Green revolution in Punjab at JK’s expense: Kashmir Inc
GK BUSINESS REPORTER
Srinagar, July 2: Valley’s apex business body, the Kashmir Chamber of Commerce and Industry (KCCI) today said the “green revolution in Punjab could happen only at the cost of J&K.”
Senior Vice President KCCI, Abdul Hameed Punjabi told Greater Kashmir that while the 1960-Indus Water Treaty between India and Pakistan has restrained J&K from utilizing its water resources, “it has allowed Punjab unhindered access to waters of three rivers, which in turn has helped it to boost its agriculture sector.”
Punjabi welcomed the recommendations a state government-appointed Commission has made regarding compensation J&K should seek on account of IWT.
Pertinently, the State Finance Commission which has submitted its report to the government last November has recommended that J&K should seek compensation for IWT losses from both India and Pakistan. It has also recommended that the State should seek an increase in royalty on power projects being run by National Hydro Power Corporation from current 12 per cent to 25 per cent.
Punjabi said the state should adopt these recommendations and ensure it gets adequate and due compensation from both the countries. Pertinently, it is for the first time that a recommendation for seeking compensation from Pakistan has been made by any quasi-official panel.
The Commission, which was constituted by the state government through a legislative Act, has pointed out that the opportunity cost of economic growth and development forgone as a result of IWT, needs to be assessed from September 1960 to August 2010 and compensation be claimed from both governments of India and as well as Pakistan.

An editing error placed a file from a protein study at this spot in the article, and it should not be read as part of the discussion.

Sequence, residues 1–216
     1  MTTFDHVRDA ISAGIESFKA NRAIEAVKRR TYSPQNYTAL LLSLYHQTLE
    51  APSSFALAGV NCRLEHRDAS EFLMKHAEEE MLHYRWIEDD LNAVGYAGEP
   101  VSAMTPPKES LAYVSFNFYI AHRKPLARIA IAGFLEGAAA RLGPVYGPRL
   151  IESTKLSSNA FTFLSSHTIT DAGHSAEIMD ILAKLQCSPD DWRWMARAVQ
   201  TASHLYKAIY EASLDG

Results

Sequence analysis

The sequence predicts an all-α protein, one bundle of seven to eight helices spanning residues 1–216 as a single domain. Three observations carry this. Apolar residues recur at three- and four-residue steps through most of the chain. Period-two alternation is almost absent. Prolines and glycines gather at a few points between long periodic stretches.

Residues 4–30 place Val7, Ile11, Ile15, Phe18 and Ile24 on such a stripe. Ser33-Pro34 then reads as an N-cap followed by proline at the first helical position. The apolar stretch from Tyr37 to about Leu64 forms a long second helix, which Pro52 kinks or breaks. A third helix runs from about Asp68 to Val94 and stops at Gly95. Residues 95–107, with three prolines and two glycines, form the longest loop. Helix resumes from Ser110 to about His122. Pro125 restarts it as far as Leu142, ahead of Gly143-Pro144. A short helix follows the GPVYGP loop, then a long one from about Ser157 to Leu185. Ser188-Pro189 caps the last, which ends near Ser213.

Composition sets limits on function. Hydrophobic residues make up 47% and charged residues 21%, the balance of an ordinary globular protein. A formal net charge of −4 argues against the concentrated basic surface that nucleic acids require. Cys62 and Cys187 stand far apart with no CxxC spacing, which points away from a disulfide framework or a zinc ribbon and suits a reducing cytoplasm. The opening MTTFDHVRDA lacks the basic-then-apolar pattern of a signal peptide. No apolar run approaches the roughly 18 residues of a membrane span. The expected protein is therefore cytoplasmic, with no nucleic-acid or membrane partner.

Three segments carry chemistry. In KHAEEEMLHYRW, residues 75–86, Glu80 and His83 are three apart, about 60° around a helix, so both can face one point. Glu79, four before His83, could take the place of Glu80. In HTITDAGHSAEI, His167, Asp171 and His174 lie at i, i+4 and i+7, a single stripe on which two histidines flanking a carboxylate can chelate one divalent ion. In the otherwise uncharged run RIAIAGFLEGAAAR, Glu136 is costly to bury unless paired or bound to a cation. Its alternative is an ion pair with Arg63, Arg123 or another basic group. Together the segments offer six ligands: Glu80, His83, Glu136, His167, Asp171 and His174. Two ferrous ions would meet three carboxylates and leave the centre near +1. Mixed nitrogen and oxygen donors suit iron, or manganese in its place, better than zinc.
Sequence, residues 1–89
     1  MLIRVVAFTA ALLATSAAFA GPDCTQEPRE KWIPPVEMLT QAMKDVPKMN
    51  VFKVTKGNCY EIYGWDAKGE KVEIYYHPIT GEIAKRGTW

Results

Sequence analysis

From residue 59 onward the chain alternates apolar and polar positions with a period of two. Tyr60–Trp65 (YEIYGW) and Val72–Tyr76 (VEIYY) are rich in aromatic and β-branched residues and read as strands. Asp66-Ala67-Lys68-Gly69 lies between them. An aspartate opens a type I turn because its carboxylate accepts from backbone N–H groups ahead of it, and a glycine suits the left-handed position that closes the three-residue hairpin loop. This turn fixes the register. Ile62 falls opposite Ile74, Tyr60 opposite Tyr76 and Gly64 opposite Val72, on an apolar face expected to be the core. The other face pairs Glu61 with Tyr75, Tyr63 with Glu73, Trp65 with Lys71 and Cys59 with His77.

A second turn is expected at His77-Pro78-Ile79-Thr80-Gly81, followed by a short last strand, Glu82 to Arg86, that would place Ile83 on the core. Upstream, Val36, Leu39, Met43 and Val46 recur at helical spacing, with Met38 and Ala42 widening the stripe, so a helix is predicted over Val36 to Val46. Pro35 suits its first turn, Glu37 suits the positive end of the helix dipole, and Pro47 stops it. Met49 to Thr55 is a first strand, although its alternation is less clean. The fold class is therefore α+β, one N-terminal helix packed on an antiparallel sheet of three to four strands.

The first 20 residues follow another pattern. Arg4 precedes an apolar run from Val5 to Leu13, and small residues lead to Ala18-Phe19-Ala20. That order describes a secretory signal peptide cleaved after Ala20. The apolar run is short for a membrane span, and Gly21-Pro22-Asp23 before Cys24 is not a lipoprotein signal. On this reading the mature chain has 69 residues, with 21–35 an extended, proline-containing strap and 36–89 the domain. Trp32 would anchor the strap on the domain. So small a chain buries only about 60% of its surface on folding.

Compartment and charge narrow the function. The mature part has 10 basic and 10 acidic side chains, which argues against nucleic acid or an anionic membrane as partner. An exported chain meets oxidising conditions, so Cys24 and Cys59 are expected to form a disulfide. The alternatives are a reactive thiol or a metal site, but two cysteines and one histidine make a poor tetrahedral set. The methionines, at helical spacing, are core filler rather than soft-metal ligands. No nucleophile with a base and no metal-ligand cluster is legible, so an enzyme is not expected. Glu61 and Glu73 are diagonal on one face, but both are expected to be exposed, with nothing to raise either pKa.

The panel report, however, suggests that J&K can claim compensation from Pakistan through government of India.
IWT, an international agreement brokered between India and Pakistan by the World Bank in sixties, puts rider on how the two countries use and share the water resources in the region.
Out of the six rivers in what is called the Indus basin, India has exclusive rights over the waters of the three major Eastern rivers - Ravi, Beas and Sutlej before they enter Pakistan, while as Pakistan has rights to three large Western rivers that first flow through J&K- Indus, Jhelum and Chenab.
The water-sharing agreement, however, restricts J&K from fully exploiting its hydro-resources for irrigation and power generation. The treaty is seen as a bottleneck for which J&K has forgone its development of industry, power, and agriculture for the last 60 years.
Punjabi said the KCCI has all along been suggesting the state to seek compensation from both countries. “Our then president raised this issue in PUGWASH conference in Sri Lanka in 2008 where he addressed the ‘intra-Kashmir economic cooperation’.”
“Prior to that we had submitted a memorandum to Prime Minister of India raising the same issue,” he said, adding that IWT is the most “unfortunate agreement” to which India and Pakistan are sticking only because both countries are taking benefits “out of our resources.”
Meanwhile, the KCCI has appealed the government not to allow liquor shops at tourist spots. Punjabi said such shops at tourist places “are creating nuisance and become a subject of rift. So the government should avoid allowing such shops at tourist spots,” he said.
Lastupdate on : Sat, 2 Jul 2011 21:30:00 Makkah time
Lastupdate on : Sat, 2 Jul 2011 18:30:00 GMT
Lastupdate on : Sun, 3 Jul 2011 00:00:00 IST
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